When you’re thinking about price points for your product or service, think about how you want to position your product. Price plays a big part in perception. If you want your product to be seen as being of premium quality, a high price will contribute to this.

Determine what prices you wish to offer across your product range. You may want to set a business-wide precedent, or establish a consistency of pricing across all your offerings. What barriers of entry are there for competitors? If these are high, you can charge a higher price; if they are low you may need to be prepared to price competitively.

Decide what discounts you want to offer repeat customers. You should set your highest prices for one-off purchases (which are generally less profitable) and offer discounts and deals for repeat customers, incentivising them to continue buying from you.

And always account for your constraints. For instance, your production capacity, your financial resources, your cost structure and the requirements you have to your investors.

How should my specific offering determine my prices?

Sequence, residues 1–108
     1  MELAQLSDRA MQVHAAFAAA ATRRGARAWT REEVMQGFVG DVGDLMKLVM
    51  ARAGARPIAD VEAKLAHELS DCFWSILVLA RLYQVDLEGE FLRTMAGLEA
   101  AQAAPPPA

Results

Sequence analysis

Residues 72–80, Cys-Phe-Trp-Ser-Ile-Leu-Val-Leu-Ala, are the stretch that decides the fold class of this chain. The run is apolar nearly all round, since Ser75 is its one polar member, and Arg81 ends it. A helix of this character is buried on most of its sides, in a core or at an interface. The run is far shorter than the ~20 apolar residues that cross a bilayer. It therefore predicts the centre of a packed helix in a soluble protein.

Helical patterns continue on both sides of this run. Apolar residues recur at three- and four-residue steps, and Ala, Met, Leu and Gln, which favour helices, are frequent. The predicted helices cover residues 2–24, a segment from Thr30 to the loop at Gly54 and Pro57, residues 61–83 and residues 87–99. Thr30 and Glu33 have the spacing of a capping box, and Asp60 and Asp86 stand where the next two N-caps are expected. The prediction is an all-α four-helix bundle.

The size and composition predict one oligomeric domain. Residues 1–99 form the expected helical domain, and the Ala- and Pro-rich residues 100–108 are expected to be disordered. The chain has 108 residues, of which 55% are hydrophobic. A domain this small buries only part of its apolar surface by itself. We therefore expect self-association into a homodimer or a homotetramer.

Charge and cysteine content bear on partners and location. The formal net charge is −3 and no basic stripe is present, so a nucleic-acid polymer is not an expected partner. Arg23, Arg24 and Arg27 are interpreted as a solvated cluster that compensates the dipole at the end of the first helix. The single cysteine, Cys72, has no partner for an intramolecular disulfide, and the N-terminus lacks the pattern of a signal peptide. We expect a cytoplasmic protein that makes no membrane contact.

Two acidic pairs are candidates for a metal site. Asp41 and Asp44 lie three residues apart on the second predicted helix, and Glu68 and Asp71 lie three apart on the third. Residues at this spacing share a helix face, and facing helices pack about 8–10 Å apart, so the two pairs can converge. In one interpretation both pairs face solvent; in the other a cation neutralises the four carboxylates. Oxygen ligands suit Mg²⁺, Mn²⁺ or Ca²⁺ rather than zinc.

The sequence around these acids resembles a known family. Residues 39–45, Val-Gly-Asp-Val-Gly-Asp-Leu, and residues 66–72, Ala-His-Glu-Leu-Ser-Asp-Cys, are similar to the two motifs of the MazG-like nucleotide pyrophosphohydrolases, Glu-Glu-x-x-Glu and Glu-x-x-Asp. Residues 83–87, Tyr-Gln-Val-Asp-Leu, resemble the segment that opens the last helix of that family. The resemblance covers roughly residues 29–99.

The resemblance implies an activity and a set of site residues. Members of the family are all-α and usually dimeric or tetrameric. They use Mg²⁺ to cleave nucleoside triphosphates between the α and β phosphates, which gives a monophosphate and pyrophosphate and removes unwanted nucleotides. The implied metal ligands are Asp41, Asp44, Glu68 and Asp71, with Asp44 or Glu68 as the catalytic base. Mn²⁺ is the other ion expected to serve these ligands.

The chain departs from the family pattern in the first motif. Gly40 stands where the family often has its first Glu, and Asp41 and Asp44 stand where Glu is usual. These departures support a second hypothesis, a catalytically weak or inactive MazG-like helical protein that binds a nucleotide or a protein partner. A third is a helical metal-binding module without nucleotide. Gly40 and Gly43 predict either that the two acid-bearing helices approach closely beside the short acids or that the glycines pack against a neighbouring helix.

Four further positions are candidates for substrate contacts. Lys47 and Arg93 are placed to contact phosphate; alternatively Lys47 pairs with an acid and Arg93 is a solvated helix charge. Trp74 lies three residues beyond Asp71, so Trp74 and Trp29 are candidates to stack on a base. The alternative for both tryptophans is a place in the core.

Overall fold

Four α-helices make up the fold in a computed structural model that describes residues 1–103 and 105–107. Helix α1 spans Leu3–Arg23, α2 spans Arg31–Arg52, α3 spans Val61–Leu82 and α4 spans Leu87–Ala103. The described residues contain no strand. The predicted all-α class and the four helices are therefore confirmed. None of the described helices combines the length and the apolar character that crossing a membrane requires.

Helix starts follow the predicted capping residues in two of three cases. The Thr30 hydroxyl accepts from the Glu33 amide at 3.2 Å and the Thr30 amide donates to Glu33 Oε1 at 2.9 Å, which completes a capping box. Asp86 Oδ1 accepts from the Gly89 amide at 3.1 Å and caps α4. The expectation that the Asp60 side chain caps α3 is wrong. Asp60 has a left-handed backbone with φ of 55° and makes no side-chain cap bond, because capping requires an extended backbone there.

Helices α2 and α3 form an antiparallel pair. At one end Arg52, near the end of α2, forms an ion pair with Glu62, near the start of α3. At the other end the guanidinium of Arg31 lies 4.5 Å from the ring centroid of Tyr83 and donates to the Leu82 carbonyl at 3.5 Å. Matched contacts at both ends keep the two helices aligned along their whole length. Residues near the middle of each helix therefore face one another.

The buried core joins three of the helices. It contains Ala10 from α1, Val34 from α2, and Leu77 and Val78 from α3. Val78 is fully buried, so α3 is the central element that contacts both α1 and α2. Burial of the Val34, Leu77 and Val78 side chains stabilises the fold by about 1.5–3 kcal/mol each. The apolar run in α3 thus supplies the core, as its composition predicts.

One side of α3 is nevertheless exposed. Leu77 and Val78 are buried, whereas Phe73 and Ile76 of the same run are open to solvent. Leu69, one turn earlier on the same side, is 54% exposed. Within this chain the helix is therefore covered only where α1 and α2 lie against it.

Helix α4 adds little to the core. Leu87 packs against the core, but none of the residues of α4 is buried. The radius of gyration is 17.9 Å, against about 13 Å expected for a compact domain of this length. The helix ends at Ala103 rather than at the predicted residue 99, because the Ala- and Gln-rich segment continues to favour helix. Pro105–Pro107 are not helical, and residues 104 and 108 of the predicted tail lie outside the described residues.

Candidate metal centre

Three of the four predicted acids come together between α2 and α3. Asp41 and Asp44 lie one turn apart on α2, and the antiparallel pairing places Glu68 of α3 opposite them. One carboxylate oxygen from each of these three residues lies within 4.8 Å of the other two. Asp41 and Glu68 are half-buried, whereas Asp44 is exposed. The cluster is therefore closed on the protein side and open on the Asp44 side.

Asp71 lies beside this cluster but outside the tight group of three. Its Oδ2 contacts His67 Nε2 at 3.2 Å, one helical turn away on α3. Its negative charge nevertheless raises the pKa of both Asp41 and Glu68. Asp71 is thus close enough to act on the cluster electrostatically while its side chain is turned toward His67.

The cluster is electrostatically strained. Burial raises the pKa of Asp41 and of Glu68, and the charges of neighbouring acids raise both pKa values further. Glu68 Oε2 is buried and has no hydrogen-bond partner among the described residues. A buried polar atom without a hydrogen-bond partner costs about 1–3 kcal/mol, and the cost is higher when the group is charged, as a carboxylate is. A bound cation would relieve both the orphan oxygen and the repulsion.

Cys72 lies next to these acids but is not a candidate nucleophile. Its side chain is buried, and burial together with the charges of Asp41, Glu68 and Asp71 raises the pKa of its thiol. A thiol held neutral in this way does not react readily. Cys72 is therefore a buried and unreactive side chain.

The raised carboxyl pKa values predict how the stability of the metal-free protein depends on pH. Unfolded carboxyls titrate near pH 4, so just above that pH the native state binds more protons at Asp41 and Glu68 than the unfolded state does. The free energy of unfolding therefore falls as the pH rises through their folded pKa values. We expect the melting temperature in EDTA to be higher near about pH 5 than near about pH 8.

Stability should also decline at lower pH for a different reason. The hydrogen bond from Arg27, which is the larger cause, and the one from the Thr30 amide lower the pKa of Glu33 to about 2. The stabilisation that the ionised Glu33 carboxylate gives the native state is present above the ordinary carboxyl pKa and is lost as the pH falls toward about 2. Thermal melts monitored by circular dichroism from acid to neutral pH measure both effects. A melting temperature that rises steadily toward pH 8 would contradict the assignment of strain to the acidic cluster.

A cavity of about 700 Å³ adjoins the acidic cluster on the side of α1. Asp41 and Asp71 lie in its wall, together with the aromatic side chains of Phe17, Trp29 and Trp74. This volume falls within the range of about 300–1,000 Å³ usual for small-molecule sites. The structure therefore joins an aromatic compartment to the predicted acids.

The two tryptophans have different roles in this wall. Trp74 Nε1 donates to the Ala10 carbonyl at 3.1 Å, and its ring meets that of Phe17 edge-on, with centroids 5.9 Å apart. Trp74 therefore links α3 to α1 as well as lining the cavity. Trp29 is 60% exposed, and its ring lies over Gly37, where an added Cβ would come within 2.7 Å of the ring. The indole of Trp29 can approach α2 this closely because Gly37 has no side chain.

As well as the more general considerations of your pricing strategy, understanding your offering as a composite of many different parts and factors is essential to setting an optimum price for it.

To do this, separate it into components. Determine what are core components of the product (e.g. a phone) and the additional components (e.g. the case, the charger, the headphones?). If there are any customisable features (e.g. the colour of the case) or additional elements of the deal (e.g. the tariff), separate these out as well.

Define your product’s benefits. E.g. low price, high quality, reliability, convenience, and so on.

And then think about what these are worth to different market segments/types of customer. For example, low price might be a more crucial benefit for younger buyers, just as reliability might be a crucial benefit for those using your product in a professional capacity.